Heavy Habitual Marijuana Smoking Does Not Cause an Accelerated Decline in FEV, With Age


Departments of Medicine and Epidemiology, UCLA Schools of Medicine and Public Health, Los Angeles; and Division of Respiratory Sciences, University of Arizona College of Medicine, Tucson, Arizona

To assess the possible role of daily smoking of marijuana in the development of chronic obstructive pulmonary disease (COPD), we evaluated the effect of habitual use of marijuana with or without tobacco on the age-related change in lung function (measured as FEVI) in comparison with the effect of nonsmoking and regular tobacco smoking. A convenience sample of 394 healthy young Caucasian adults (68% men; age: 33 t 6 yr; mean t SD) including, at study entry, 131 heavy, habitual smokers of marijuana alone, 112 smokers of marijuana plus tobacco, 65 regular smokers of tobacco alone, and 86 nonsmokers of either substance were recruited from the greater Los Angeles community. FEVI was measured in all 394 participants at study entry and in 2SS subjects (6S %) on up to six additional occasions at intervals of ;~: 1 yr (1.7 t 1.1 yr) over a period of 8 yr. Random-effects models were used to estimate mean rates of decline in FEVI and to compare these rates between smoking groups. Although men showed a significant effect of tobacco on FEVI decline (p < 0.05), in neither men nor women was marijuana smoking associated with greater declines in FEVI than was nonsmoking, nor was an additive effect of marijuana and tobacco noted, or a significant relationship found between the number of marijuana cigarettes smoked per day and the rate of decline in FEVI. We conclude that regular tobacco, but not marijuana, smoking is associated with greater annual rates of decline in lung function than is nonsmoking. These findings do not support an association between regular marijuana smoking and chronic COPD but do not exclude the possibility of other adverse respiratory effects. Tashkin DP, Simmons MS, Sherrill DL, Coulson AN. Heavy habitual marijuana smoking does not cause an accelerated decline in FEVI with age.    AM I RESPIR crlrr rARE Mea 1497:ISS:141-144.

Marijuana remains the most commonly smoked illicit substance in American society (1, 2). After more than a decade of declining prevalence of marijuana use in the United States, an upswing in its use has recently been demonstrated, especially among young individuals (1, 2). Because the constituents of marijuana smoke are similar in many respects to those of tobacco (3, 4), it is possible that habitual smoking of marijuana may lead to some of the same respiratory effects that derive from regular tobacco use. This possibility is supported by several animal and cellular studies, which have shown that chronic exposure to marijuana smoke can injure respiratory tissue (5-9). Although earlier studies in humans yielded conflicting data about the association between heavy marijuana smoking and clinical evidence of respiratory illness (10-14), more recent clinical studies have demonstrated a relationship between habitual marijuana use and symptoms of chronic bronchitis (15, 16). Moreover, histopathologic studies have revealed epithelial alterations in biopsies from proximal bronchi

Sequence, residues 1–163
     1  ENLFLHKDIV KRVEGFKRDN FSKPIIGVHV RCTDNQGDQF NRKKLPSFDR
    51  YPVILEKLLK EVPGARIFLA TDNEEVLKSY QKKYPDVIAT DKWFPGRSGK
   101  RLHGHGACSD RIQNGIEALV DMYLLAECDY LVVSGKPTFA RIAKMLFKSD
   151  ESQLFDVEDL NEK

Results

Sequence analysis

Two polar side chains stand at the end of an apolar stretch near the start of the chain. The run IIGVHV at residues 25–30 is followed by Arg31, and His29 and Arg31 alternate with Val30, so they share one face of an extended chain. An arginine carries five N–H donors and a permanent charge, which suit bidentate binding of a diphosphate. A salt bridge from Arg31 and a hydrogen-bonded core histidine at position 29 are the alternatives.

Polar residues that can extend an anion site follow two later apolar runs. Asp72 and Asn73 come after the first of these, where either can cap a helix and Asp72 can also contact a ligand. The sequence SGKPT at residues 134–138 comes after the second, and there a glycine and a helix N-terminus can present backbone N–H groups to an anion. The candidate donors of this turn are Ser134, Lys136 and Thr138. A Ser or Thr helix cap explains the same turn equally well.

(Received in original form April 3, 1996 and in revised form June 28, 1996)

Supported by Grant No. Rí71 DA03013 from the National Institutes of Health/National institute on Drug Abuse.

Correspondence and requests for reprints should be addressed to Donald P. Tashkin, M.D., Department of Medicine, UCLA School of Medicine, Los Angeles, CA 90095-1690.

Am I Respir Crit Care Med    Vol 155. pp 141-1411, 1997

of marijuana smokers (goblet-cell metaplasia, reserve-cell hyperplasia, squamous metaplasia) (17, 18) that are consistent with symptoms of mucus hypersecretion.

In contrast to the concordance of findings in recent studies with respect to the impact of regular marijuana smoking on chronic respiratory symptoms, cross-sectional studies of marijuana users in Los Angeles (15) and of smokers of nontobacco (presumably and hereafter referred to as marijuana) in "Iltcson (16) have revealed conflicting effects on lung function. The Los Angeles study (15) failed to demonstrate any relationship between marijuana use and impairment in tests of lung function, including sensitive indices of small airways dysfunction, whereas the 'Meson study (16) demonstrated obstructive ventilatory defects additive to those attributable to regular tobacco use. Recent analysis of longitudinal data from the Tucson study (19) estimated significant decrements in FEV, in continuing male (but not female) marijuana smokers ;i ; 1 yr after marijuana smoking was first reported. Moreover, these decrements were twice as large as the estimated decrements in continuing tobacco smokers, and the effects of both habits were additive. The latter data suggest that marijuana smoking might be a significant risk factor for progressive airflow obstruction.